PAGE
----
Wednesday, October 21, 2020
Health And Welfare

UWSA provides COVID-19 relief for the first time to 30 000 Western Cape community members


United Way South Africa (UWSA), the non-profit organisation that unites companies and individuals for a common cause, partnered with a number of global multi-national corporations, and the Western Province Rugby Football Union (WPRFU), to provide 1 000 COVID-19 relief food packs to vulnerable Cape Town communities.

The initiative received generous donations to the value of R5.3million ($315 000) and countless hours volunteered by the DHL Stormers and local rugby clubs. This enabled UWSA to expand its national footprint, directly impacting 5 000 households and amounting to 30 000 people, in Cape Town’s impoverished townships over a single weekend.

“We’re fortunate to have received the amount of funding that we did, which, together with the amazing volunteers from WPRFU, enabled us to make a sustainable impact in the communities such as Elsies Rivier and migrants who came to Project 21 Church in Wynberg. The Coaches from the 102 Rugby Training Community Clubs collected and distributed to their most vulnerable families across Cape Town. ” said Lynda Bleazard, United Way South Africa’s Executive Director.

The non-profit organisation received donations from various multi-national corporations, including 3M, Cummins and Dell as well as Durapi, Sony Television and United Way Worldwide. These efforts contributed to the distribution of relief packs to the most vulnerable in the Cape Town communities, including migrants who have been unable to access government grants and local female rugby players from underserved areas who couldn’t afford hygiene products.

Each pack contained groceries and hygiene products to feed and sustain a minimum of six people per family for an entire month, helping them survive this tough period and restore their dignity. Players from local rugby clubs were also encouraged to identify 50 families each that were in need, within their communities, and provide them with food hampers.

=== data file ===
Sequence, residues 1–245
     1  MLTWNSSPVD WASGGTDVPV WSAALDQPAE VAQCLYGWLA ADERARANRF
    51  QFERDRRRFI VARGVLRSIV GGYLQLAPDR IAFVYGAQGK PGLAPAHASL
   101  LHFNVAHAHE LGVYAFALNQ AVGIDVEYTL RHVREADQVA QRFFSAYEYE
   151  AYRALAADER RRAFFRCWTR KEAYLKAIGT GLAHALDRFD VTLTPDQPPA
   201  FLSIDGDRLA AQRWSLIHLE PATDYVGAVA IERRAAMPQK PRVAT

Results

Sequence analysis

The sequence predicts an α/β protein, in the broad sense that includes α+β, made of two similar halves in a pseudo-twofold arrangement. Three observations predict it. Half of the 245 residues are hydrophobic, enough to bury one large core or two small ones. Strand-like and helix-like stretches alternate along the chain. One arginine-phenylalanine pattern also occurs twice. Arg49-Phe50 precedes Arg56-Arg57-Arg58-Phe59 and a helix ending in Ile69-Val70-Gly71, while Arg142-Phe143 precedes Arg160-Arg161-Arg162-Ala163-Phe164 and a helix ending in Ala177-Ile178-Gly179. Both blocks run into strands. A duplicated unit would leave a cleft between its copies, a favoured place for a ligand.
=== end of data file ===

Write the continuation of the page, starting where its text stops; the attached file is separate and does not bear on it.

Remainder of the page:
In addition to partnering with UWSA, the WPRFU also supports 102 clubs in the Cape Flats. The union’s goal is to bring the youth together so that they can get a meal and learn to play a sport.

Identifying this as an opportunity to extend its impact, UWSA is now focused on providing holistic school bursaries to the talented youth who play in the WPRFU’s community-based rugby clubs. The bursary initiative aims to take the children out of the township and place them in a space where they don’t have to worry about food, transport, clothing or education.

These children can then volunteer to become ambassadors for UWSA and make a change by going back into their communities and giving hope to families and individuals.

“By living united, we can facilitate sustainable change, where the children that we lift out of poverty can then go back and lift their families out of poverty and so the whole community benefits,” adds Bleazard. “United Way believes very strongly in living united for a purpose, and that no one is beneath or above anyone else.”

United Way South Africa intends on sustaining the impact it has made by revisiting communities and engaging with locals on the ground to find out what can be done to create lasting change. The non-profit organisation aims to take a holistic approach going forward, one that incorporates mental wellness programmes and enterprise development to help community members gain access to quality education, overcome the stresses they’re faced with and find jobs that will lift them out of poverty. This approach will involve tapping into United Way’s education, enterprise and health programmes, which have been making an impacting in communities throughout the country since 2013.

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